We believe that a series of restaurants exclusive of the three original passenger dining rooms reserved for banqueting use are an essential business component of the Queen Mary for an in-port cruise program.
Queens Seaport Development Inc, QSDI, the current master lessee, operates three restaurants, two bars and several fast food outlets aboard the Queen Mary. Unfortunately the locations of some of these restaurants intrude on original architecturally defining features of the ship. Moreover some of their locations are an impediment to a solid plan to enhance the facility both for revenue-generating hospitality services and as an historic attraction.
The Promenade Café, the hotel’s coffee house, and the Chelsea Restaurant, the ship’s seafood restaurant, are located in the starboard enclosed promenade on Promenade Deck. These restaurants occupy space that was an architecturally defining feature of the Queen Mary – the sweeping enclosed promenades. Placed here by an early Long Beach operator eager to take advantage of the view of downtown Long Beach, they are both served from an adjacent kitchens that unfortunately occupy space that was originally the site of the famed Starboard Gallery and the pre-war Ballroom.
Sir Winston’s, the ships fine dining restaurant, was located in old engineers’ quarters on Sports Deck atop the Verandah Grill. This facility has great views but can only be reached by using a high exterior staircase up to Sports Deck thus limiting handicapped access. A bar is located in an adjacent lounge.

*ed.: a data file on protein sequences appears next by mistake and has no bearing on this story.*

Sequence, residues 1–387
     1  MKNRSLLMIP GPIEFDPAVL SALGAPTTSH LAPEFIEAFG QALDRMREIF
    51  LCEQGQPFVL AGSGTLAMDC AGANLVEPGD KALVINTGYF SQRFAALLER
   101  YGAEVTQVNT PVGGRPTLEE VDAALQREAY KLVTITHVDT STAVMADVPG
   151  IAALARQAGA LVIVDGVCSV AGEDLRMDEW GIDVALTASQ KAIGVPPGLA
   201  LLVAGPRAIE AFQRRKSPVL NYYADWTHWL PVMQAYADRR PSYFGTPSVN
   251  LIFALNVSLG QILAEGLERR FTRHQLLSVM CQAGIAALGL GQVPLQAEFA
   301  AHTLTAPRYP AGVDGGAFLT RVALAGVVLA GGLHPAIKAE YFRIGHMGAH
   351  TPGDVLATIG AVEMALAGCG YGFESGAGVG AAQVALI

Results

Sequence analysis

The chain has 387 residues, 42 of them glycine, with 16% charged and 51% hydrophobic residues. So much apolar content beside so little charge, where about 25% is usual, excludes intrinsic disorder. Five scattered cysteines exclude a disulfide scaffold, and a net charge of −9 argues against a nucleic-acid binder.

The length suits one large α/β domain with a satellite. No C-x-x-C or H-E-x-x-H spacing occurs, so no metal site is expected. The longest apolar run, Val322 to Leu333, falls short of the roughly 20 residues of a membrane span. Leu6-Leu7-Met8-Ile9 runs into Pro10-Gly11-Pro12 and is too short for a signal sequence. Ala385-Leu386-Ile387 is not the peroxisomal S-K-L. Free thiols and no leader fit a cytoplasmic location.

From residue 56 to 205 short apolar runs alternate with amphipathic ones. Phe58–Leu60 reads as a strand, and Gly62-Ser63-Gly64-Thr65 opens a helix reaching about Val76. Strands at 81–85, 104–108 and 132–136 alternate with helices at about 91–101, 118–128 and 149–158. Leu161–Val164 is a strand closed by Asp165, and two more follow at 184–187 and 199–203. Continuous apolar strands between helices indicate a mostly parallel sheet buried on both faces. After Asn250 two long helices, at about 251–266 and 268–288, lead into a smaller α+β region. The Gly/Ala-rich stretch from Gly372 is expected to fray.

Fast Food - A fast food eatery is located in the middle funnel-uptake space on Sun Deck and unknowingly uses the original first class gymnasium site as a seating area. A pastry and coffee shop is located in what once was the first class children’s playroom on Promenade Deck. Two Sun Deck engine room ventilators have been refitted as fast food snack sales counters. The one on the port side has been closed for more than a decade.
We see the Verandah Grill – the original first class a la carte restaurant on the ship on Sun Deck aft, fully restored as a replacement for the Chelsea Restaurant. The large outdoor deck aft would make a wonderful outdoor addition that we call the Verandah Café. Both the restaurant and the café would be served from new upper deck kitchens created forward in the former engineers’ quarters, gutted for shops in the Long Beach conversion and now used as administrative offices.
Possible rearrangement of this area - click on the picture to expand it to full size.
Renderings of the restored Verandah Grill and Verandah Café pending.
We see Sir Winston’s remaining in place but the facility upgraded by extending the interior grand staircase just forward of it up from Sun Deck to Sports Deck. We also see the original elevator that once went from B Deck to Sun Deck restored to service and extended up one deck to also service Sir Winston’s on Sports Deck. We see the outdoor deck area on Sports Deck forward and the area above the restaurant itself restored as an outdoor smoking area called Sir Winston’s Promenade.
We see the large space on Sun Deck that covers the forward third of this deck reconfigured as a replacement for the intruding Promenade Café. This area on Sun Deck was originally first class single cabins and was converted to shops when the ship reached Long Beach. When the shops failed they were converted into exhibit spaces. All of the artifacts are replaced for viewing or use in their original location in our plan. The Grey Ghost exhibits on World War II would be relocated to a Visitor’s Information Center built off the ship.